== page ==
The only way to know for sure that you have glaucoma is with a complete eye exam. This is one reason the American Academy of Ophthalmology recommends all adults, even those without risk factors or vision problems, have a baseline comprehensive eye exam at age 40. After that, people with no increased risk should follow the academy’s schedule:
- 40 to 54 years old: every 2 to 4 years
- 55 to 64: every 1 to 3 years
- 65 or older: every 1 to 2 years
Those who do have an increased risk need more frequent screening. Talk to your eye doctor about the right schedule for you. During your eye exam, your doctor will do the following to check for glaucoma:
- Measure your eye pressure: Normal eye pressure is usually considered to be between 10 and 20 millimeters of mercury (mmHg).
- Inspect your eye’s drainage angle: This is the area of your eye that drains aqueous fluid, the clear liquid that keeps your orbs healthy. If it’s blocked, it can cause high eye pressure.
- Examine your optic nerve for damage
- Test your peripheral (side) vision
- Measure the thickness of your cornea
It’s important to remember that just 1 abnormal test result — for example, high eye pressure — doesn’t mean you have glaucoma. “These aren’t all thumbs-up or thumbs-down sort of tests,” says Dr. Stone. “We have to consider all the information together for the big picture.”
How is glaucoma treated?
There’s no way to undo damage already done to the optic nerve, says Dr. Salter. So the goal is to stop progression of the disease. “All the treatments work to lower your eye pressure to keep your disease stable and stop any further damage to the optic nerve,” says Dr. Salter.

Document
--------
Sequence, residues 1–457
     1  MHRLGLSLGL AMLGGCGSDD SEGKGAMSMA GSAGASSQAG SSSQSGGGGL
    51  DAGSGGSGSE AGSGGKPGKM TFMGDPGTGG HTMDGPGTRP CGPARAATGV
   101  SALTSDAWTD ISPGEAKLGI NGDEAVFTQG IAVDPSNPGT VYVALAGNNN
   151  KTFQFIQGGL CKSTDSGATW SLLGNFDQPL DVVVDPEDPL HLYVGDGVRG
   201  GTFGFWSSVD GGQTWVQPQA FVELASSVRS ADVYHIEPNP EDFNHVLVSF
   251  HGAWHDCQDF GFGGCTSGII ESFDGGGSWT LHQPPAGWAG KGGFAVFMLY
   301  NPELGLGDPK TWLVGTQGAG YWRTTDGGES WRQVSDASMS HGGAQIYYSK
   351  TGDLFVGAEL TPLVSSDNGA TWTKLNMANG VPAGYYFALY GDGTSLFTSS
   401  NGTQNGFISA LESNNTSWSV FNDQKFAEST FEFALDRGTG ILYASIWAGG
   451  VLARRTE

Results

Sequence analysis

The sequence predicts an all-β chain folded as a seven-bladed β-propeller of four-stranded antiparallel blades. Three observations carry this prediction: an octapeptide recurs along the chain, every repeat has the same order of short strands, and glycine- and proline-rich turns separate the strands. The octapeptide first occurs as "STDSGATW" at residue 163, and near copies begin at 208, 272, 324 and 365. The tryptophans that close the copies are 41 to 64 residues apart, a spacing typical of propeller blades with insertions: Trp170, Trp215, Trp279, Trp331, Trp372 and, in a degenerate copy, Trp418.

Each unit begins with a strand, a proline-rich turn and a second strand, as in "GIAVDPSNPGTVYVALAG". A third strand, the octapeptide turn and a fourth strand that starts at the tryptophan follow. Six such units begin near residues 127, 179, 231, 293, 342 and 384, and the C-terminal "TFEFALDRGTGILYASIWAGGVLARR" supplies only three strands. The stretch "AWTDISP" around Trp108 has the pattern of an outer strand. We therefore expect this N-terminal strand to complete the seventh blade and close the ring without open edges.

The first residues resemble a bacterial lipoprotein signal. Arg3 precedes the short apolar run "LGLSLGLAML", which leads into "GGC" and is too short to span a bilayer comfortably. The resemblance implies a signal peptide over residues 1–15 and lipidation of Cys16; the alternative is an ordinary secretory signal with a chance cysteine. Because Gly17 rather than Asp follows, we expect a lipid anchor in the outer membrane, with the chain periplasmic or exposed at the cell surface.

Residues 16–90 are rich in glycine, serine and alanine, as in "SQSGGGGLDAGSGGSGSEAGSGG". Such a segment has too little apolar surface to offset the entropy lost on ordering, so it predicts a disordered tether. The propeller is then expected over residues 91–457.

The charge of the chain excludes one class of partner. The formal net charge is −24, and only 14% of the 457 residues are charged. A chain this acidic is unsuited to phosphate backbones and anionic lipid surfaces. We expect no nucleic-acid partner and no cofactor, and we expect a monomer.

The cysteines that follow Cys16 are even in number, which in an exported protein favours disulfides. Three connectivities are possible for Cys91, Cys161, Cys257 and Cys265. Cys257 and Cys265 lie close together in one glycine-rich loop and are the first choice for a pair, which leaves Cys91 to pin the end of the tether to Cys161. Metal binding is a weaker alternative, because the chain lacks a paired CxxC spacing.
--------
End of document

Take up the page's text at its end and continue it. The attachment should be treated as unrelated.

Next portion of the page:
Depending on how far along the disease is, your doctor may recommend the following:
- Prescription eyedrops. These are applied daily to lower eye pressure, either by reducing the amount of aqueous fluid your eye makes or improving your drainage angle. Download the Optum Perks mobile app to search for discounts on prescription eyedrops.
- Laser surgery. People with the most common form of glaucoma, called open-angle glaucoma, often undergo trabeculoplasty. With this procedure, your eye doctor applies a laser to your eye’s drainage angle so aqueous fluid can drain better. This is usually done in your eye doctor’s office or at an outpatient medical center.
- Surgery. There are several minimally invasive procedures, says Dr. Salter. But for more severe cases, your eye doctor may recommend trabeculectomy. In this procedure, the doctor creates a tiny flap in the white of your eye for aqueous fluid to drain through. In another version of the procedure, you may receive a tiny drainage tube in your eye.
Once glaucoma has been diagnosed and you’ve begun treatment, you’ll want to schedule check-in doctor appointments every 3 months or so, says Dr. Salter. But the exact timing will vary based on your situation. These appointments are critical to your recovery, so be sure to follow your doctor’s guidance.